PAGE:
vocal panning issues

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Member Since: Apr 04, 2008


just wondering if anyone has any advice regarding the panning of my vocal track.

I am currently trying the technique of having the same vocal track on two tracks - one panned left, the other right, and one of them with a slight delay on it to make the vocals sound bigger. im liking it, but it seems to be rather random where in the stereo image the vocals come from depending on what i listen with. On my monitors they are ok, on headphones they seemed quite a lot left, so i fixed it for them by shifting the panning to get them in the middle. Its still fine on my monitors, but when i play it on the hifi upstairs, they are left again!.. is this normal for this technique? I noticed that the hifi speakers are not angled in towards the optimum listening position as my monitors are - could this be a reason why?

Both the tracks have completely different volumes, but I take it that that is normal for this technique in order to get the sound in the centre.

I think I have a delay of 20 ms?? or 0.20 in nuendo anyway, i think thats ms though..

does anyone have any advice about this technique?

thanks in advance!

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Since: Nov 27, 2007

Jun 01, 2009 06:25 am

not sure on that one but

check out the panning help, coz i seem to remember that using certain pans can make the vol louder also.

when i add delay this way, i set up 2 delay channels.
the left vocal track has a delay panned right and the right track panned left. seems to work well. dont have to necessarliy pan full left or right. wherever it sits well.

im not sure if technically its suppose to work like this, but it does for me.

Czar of Turd Polish
Since: Jun 20, 2006

Jun 01, 2009 01:28 pm

Me personally I do not pan lead vox unless I am specifically looking for seperation.

If they are exact doubles I leave them both centered with one louder than the other. I then run a minimal amount of delay to widen them a bit by routing to a buss.

If one is an accent track I would double and pan that while leaving the lead centered.

If you want to pan a lead vocal that is doubled I would have them at the same volume.

bace135 in the house tonight!
Since: Jan 28, 2003

Jun 01, 2009 02:18 pm

My general rule of thumb is to trust the headphones when dealing with panning issues.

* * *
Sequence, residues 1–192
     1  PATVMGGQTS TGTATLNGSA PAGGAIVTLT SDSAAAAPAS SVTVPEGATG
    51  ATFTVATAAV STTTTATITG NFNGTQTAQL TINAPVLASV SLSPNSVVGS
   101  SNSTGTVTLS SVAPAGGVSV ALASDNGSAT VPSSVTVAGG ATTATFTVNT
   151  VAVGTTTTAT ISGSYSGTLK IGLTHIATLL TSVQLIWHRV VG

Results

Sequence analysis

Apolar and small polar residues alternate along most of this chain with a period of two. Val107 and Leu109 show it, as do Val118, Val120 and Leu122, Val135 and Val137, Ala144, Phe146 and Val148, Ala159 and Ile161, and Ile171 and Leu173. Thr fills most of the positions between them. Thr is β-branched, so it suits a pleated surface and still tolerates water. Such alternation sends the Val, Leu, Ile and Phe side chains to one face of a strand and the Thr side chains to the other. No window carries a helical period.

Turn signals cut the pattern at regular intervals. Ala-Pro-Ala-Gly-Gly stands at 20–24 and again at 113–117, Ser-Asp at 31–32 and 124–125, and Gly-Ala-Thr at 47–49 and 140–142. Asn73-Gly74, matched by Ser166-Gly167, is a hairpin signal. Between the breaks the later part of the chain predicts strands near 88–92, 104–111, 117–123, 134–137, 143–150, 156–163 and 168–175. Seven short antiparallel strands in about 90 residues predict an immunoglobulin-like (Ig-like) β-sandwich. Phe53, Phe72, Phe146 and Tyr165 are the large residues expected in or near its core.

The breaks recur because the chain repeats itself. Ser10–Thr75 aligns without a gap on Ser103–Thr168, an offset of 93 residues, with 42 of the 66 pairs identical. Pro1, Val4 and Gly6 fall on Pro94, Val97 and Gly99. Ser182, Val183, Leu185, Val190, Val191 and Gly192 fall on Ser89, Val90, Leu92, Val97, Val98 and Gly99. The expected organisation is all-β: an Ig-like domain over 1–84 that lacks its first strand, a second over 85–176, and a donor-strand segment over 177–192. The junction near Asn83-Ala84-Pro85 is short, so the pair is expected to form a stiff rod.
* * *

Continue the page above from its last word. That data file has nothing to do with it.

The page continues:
Typo Szar
Since: Jul 04, 2002

Jun 01, 2009 08:14 pm

First off i wouldnt pan the vocal trax if ur looking for that kind of two voices off effect, i think it works better when their on top of eachother so u can really hear each syllable coming in and riding the other, also, if i recorded both parts twice and then panned them, i probably wouldnt use delay since usually the inaccuracy of human performance will already give u some cool doubling.

but aside from that... have u just tried soloing the trax and looking at the stereo output? if its coming up equal on both sides then u probably have a problem with ur export OR speaker system. If not, as in the stereo output is different, probably means its not as center as u believe.

MASSIVE Mastering, LLC
Since: Aug 05, 2008

Jun 01, 2009 08:40 pm

If you're using nothing but delay and panning, you're going to come up against pretty substantial phase issues / Haas effect problems, etc.

You can't "just* delay & pan and expect it to work...

20ms is 20ms. 0.20 is probably a fifth of a second. Big (BIG) difference.

Czar of Turd Polish
Since: Jun 20, 2006

Jun 02, 2009 11:23 am

Just for my own knowledge.

When I do delay a vocal I usually do something like -3msL -9msR and then mix wet/dry about 10%L and 15%R (or more if needed).

Is this horribly wrong?

MASSIVE Mastering, LLC
Since: Aug 05, 2008

Jun 02, 2009 05:50 pm

If it sounds good, there you go. If it doesn't collapse to mono well, then you might want to make some adjustments. 3 & 9ms are awfully close to the source and awfully close to each other... But if it works, it works.

The percentages should be 100% wet and ---

Okay, you have them inserted as opposed to using an aux send...?

Czar of Turd Polish
Since: Jun 20, 2006

Jun 02, 2009 06:06 pm

Indeed, I insert them on a single buss and route the vox to that. I usually do most of my mixing in mono as well.

Now I have tried the aux send to a buss with 100% (while sending the tracks to another buss) and manipulate the volume, I guess I just don't like the effect that much, just a tad. I do use that process on drums quite often though.

Would creating two busses, one with eq/comp (for track output) and the other with eq/comp/delay (for aux send) be a better way of going about things?

MASSIVE Mastering, LLC
Since: Aug 05, 2008

Jun 02, 2009 10:11 pm

Just as a rule of thumb - If you want to affect a signal (generally for EQ, dynamics, true delay of the entire signal, etc.), insert. If you want to add to a signal (additional delay, reverb & spatial effects, modulation, etc., etc., etc.), send.

Your sends are going to very likely be post-EQ anyway.

Czar of Turd Polish
Since: Jun 20, 2006

Jun 03, 2009 02:42 pm

Roger that, on the EQ I don't use the channel strips but inserted ParaEQs or 31band. Do the inserted FX affect the send? If so then I would EQ/Comp the channel and then send to the verb/delay. If not I would want to send to a buss that has EQ/Comp/Verb/Delay (whatever needed) as well right?

I like the line on affecting vs adding to, makes sense put that way.

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